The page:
Archive for the 'Heroism' Category



Concerning Marines Urinating On Dead Taliban

BY Herschel Smith
2 years, 9 months ago

Most of the DoD establishment is outraged over the recently divulged incident of Marines urinating on dead Taliban fighters.  Much of it is faux outrage, but these Marines won’t be very happy with the outcome of the inquiry.  Ever the one to point out the different standards for different people because of different political needs, I’ll mention that there is no way – no way – to square the burial of Bin Laden at sea with Islamic law (not that it really matters to me whether we followed Islamic laws concerning his burial; we could have treated him like they did Mussolini as far as I’m concerned — either way, he’s in hell.).  Additionally, the public display of Zarqawi’s bloodied and bloated body caused an outrage among Muslims across the world.  It’s okay to desecrate the dead as long as the DoD sanctions it.  It’s not okay to do it if you’re a Marine under fire in the Helmand Province.  Come back to me when you get some consistency.  Until then, I think I’ll turn my attention to other, more important things.

Speaking of Marines under fire, we should mention some recent heroics.

The secretary of the Navy next week will present the Navy Cross to the family of a Marine from Camp Pendleton killed while saving the life of other Marines in Afghanistan, officials announced Tuesday.

Navy Secretary Ray Mabus is set to present the medal Jan. 17 to the family of Lance Cpl. Donald Hogan in a ceremony at Camp Pendleton. The Navy Cross is second only to the Medal of Honor for combat bravery by Marines or sailors.

Hogan, 20, assigned to the 1st Battalion, 5th Marine Regiment, was killed Aug. 26, 2009, by a buried explosive device after pushing a Marine to safety and yelling warnings to other Marines. Hogan was on a walking patrol in Helmand province, long a Taliban stronghold.

According to the Navy Cross citation, Hogan spotted a trigger wire for a buried bomb and hurled himself into the body of the nearest Marine to push him away from the imminent blast.

Hogan then “turned in the direction of the Improvised Explosive Device and placed himself in the road so that he could effectively yell verbal warnings to the rest of his squad-mates. This desperate effort to warn the rest of the patrol bought the remaining Marines valuable seconds to begin moving away,” the citation reads.

And some recent heartbreak.

A Wilmington Marine has been seriously injured in Afghanistan.

According to a report from the Wilmington News Journal, Cpl. Josh Sams, 27, was on routine patrol Wednesday when he stepped on an improvised explosive device (IED). He was taken to a hospital in Afghanistan where both legs were amputated above the knee.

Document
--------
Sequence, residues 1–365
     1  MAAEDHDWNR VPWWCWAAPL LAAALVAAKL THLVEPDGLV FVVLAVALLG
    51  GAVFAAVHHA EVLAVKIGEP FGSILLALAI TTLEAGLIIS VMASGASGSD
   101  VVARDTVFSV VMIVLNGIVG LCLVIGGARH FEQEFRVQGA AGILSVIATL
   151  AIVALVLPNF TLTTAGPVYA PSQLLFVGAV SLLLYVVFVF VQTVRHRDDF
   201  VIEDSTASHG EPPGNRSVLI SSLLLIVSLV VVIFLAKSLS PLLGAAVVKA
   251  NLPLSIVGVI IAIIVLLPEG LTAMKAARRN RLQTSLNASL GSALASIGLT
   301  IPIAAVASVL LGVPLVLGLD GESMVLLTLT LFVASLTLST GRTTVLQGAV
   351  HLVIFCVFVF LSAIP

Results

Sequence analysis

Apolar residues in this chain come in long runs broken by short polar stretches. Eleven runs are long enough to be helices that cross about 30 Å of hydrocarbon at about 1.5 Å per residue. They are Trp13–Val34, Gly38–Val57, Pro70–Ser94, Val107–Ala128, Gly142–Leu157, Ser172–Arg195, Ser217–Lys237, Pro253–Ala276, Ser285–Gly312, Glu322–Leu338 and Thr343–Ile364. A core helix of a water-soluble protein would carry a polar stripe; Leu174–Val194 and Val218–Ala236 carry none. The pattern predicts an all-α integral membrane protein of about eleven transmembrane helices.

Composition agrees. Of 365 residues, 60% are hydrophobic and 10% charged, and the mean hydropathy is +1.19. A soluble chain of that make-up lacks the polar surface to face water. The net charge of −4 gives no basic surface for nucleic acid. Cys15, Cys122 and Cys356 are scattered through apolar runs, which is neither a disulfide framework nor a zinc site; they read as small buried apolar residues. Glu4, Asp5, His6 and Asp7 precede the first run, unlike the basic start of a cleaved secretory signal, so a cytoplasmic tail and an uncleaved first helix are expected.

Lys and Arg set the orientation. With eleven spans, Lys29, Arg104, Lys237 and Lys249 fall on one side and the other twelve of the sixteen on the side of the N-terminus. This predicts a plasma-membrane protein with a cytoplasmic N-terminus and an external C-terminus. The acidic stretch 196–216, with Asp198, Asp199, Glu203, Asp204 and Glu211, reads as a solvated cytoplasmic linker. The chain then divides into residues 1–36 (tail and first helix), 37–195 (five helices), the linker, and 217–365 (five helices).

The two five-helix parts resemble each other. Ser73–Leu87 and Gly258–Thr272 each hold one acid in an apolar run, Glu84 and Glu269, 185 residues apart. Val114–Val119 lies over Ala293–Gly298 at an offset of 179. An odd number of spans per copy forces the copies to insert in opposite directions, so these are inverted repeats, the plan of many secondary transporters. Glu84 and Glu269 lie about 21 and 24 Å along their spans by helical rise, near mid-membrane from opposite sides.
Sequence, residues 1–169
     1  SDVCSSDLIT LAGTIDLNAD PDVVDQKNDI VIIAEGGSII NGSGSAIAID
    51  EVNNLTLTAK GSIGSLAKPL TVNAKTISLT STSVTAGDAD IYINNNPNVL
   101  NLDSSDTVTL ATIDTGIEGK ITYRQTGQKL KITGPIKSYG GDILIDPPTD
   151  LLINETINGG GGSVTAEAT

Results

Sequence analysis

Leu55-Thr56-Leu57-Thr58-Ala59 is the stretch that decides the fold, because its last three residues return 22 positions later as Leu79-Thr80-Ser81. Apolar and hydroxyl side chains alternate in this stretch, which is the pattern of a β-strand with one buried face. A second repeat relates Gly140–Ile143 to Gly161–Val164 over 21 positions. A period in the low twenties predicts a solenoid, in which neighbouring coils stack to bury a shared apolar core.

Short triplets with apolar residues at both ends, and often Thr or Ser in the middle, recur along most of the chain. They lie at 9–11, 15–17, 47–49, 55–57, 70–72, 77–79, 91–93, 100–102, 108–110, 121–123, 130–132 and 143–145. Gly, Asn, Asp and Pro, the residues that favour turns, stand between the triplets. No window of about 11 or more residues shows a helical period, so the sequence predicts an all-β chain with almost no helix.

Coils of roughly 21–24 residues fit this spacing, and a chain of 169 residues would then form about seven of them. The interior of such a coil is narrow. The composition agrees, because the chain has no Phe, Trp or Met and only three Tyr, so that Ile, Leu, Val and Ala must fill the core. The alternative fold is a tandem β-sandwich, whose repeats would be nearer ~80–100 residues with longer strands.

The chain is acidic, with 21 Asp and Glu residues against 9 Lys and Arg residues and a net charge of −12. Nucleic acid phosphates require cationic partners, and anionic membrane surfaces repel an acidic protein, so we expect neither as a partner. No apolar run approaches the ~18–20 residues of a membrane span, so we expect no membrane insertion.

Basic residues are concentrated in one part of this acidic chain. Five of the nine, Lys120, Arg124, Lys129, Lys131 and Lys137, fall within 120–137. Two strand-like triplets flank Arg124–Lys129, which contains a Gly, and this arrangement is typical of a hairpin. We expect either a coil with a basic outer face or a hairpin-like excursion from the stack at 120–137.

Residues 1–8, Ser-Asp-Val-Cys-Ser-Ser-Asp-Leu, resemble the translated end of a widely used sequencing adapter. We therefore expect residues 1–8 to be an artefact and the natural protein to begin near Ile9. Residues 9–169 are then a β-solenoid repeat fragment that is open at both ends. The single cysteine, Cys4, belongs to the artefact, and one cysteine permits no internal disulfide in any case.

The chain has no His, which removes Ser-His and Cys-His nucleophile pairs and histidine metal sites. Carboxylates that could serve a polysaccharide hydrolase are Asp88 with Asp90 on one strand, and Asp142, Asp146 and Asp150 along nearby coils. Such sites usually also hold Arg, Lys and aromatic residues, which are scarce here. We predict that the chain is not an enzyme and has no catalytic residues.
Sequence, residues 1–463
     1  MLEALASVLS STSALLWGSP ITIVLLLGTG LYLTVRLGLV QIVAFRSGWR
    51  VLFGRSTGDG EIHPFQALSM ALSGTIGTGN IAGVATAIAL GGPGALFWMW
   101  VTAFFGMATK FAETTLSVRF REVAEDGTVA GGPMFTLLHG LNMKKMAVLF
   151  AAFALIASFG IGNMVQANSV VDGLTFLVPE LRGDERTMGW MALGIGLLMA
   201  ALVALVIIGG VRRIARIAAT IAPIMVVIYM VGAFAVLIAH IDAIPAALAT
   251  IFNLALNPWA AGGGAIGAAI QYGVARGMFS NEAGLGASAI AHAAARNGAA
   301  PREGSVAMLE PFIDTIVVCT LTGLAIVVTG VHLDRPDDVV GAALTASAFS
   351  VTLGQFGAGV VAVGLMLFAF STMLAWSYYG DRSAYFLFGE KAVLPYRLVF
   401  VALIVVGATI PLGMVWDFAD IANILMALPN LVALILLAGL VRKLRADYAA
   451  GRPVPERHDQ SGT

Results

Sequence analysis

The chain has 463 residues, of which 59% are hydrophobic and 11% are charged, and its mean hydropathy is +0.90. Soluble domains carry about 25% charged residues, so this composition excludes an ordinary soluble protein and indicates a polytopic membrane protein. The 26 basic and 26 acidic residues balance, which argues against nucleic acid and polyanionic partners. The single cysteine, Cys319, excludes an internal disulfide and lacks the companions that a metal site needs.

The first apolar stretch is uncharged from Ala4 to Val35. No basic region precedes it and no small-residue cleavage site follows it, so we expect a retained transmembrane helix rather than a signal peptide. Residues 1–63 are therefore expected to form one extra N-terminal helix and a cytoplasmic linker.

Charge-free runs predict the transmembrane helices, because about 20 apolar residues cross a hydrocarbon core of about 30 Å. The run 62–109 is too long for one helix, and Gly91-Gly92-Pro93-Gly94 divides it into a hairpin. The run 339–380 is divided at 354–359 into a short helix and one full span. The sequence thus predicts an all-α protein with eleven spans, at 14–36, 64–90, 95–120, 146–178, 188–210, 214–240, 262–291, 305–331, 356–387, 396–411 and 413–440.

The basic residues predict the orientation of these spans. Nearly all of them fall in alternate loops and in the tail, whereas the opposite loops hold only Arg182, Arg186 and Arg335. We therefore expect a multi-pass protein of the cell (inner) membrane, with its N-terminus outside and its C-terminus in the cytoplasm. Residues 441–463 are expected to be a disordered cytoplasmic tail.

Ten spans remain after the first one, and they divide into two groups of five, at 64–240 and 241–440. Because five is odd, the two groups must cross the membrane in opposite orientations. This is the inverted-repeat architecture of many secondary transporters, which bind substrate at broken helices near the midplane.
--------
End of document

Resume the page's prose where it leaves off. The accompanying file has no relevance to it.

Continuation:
Sams’ mother, Barbara Regan, told the Journal that Sams was serving his third and final deployment and scheduled to come home for good on Feb. 7.

Sams is currently at a hospital in Germany also suffering from a broken pelvis and arm. He is in stable condition and will hopefully return stateside by Tuesday at Walter Reed National Military Medical Center in Maryland.

He serves with the 1st Battalion, 6th Marines, H&S Company, Scout Sniper Platoon.

Sams is married to his wife, Lindsey, who lives in Jacksonville, N.C., where Sams is stationed.

Sams’ younger brother, Logan, died in an ATV accident in 2008.

Our men are still at war people.  Take a deep breath and recalibrate your perspective.

Dakota Meyer to Receive Congressional Medal of Honor

BY Herschel Smith
3 years, 3 months ago

It’s now official.

A Marine who braved intense enemy gunfire in Afghanistan to recover the bodies of four fallen comrades will receive the Medal of Honor for his heroism, defense officials said Wednesday.

Dakota Meyer, who left the service last year, will be the third living recipient of the award for actions in Afghanistan and the tenth man recognized for exceptional bravery in the current wars. He’ll also be the first living Marine to receive the honor since the Vietnam War.

White House and defense officials have not released details of the award or the timing of its presentation.

The 22-year-old’s heroics came while serving with an embedded training team from the II Marine Expeditionary Force out of Okinawa, Japan. In September 2009, his team was ambushed in controversial battle of Ganjgal, which claimed the lives of five Marines and nine Afghan allies.

A Defense Department investigation released five months later said that negligent leadership and a command refusal for artillery support directly contributed to the deaths of Meyer’s fellow fighters, and reprimanded three Army officers.

Contrary to the statement above, the warriors who perished included three Marines, a Navy Corpsman and a Soldier.  Readers might remember this as the engagement where a team was repeatedly refused airtillery support because it violated the rules of engagement.  Dakota fought his way through enemy fire, on foot, multiple times, to retrive his brothers from the field of battle.  The real delay in this had to do with the Marine Corps, which is notoriously exacting in things like this.